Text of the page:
This week Carrie Lorig brings us a poetic, form-shifting take on a poetic, strange, politically-engaged book made to be ephemeral:
What do we do with the book that appears and exists differently? That screams as it crumbles.
Intrigued? I can almost guarantee that you will not have heard of this one. Sign up for the Unsung Letter if you haven’t yet. A book recommendation weekly, but a different author/reader/book pusher each time.
A recommendation this week of something a little different – a long poem in translation, brought to our attention by Ariell Cacciola:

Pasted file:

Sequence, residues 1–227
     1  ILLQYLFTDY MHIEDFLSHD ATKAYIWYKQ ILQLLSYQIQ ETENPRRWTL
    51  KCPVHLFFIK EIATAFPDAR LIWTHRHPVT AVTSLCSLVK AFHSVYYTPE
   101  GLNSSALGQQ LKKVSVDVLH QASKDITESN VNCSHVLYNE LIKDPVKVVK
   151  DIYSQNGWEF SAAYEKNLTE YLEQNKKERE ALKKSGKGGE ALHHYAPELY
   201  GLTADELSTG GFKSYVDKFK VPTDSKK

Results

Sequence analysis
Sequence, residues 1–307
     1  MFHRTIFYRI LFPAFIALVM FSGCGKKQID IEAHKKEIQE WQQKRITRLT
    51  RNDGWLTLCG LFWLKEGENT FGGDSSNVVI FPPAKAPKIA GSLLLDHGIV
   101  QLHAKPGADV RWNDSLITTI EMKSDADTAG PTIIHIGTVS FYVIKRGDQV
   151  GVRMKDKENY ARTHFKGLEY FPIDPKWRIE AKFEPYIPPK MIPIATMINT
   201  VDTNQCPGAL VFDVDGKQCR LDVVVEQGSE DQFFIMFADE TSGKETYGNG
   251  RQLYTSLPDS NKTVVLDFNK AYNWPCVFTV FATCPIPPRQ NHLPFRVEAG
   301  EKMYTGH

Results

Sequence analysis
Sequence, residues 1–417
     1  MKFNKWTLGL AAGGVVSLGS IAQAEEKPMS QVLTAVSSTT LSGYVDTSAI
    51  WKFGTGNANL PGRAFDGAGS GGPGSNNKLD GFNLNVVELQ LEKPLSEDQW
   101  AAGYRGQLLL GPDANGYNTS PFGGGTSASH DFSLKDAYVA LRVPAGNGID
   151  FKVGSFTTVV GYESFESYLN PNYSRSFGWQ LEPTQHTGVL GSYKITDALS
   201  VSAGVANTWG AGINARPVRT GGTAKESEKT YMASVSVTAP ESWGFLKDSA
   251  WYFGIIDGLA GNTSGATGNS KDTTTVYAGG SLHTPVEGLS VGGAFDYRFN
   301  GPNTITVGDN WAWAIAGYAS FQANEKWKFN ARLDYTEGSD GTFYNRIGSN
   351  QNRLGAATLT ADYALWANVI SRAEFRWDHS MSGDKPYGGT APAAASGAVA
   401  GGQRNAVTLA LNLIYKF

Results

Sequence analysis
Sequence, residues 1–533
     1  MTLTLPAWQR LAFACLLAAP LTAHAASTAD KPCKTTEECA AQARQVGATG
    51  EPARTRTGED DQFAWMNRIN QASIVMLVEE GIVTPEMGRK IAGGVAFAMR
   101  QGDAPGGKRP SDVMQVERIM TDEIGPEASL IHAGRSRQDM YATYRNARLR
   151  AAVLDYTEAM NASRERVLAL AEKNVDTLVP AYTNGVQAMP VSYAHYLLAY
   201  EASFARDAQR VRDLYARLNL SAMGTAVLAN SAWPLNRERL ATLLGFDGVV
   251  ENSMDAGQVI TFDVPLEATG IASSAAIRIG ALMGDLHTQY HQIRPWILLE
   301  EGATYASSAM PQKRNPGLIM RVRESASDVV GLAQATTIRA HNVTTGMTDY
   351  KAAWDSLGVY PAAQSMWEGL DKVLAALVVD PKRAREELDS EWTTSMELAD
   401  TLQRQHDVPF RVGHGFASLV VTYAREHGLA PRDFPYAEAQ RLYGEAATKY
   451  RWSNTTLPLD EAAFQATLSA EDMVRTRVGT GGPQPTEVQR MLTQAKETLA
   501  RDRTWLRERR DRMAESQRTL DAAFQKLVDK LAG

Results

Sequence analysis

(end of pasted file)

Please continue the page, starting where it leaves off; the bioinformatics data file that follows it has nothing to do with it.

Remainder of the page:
It is a poem that hungrily gnaws on the antithetical senses of despair and sly humor. I couldn’t hazard a guess how many times I’ve read it (both the original and the translation) and I argue that you don’t even need to know the original German to understand the ricochet of language and anguish, the rubbery sense of voice that tugs the reader back and forth. I was lucky enough to have seen excerpts read publicly by both poet and translator, hearing the sound of each word and the relation to the next and then some.
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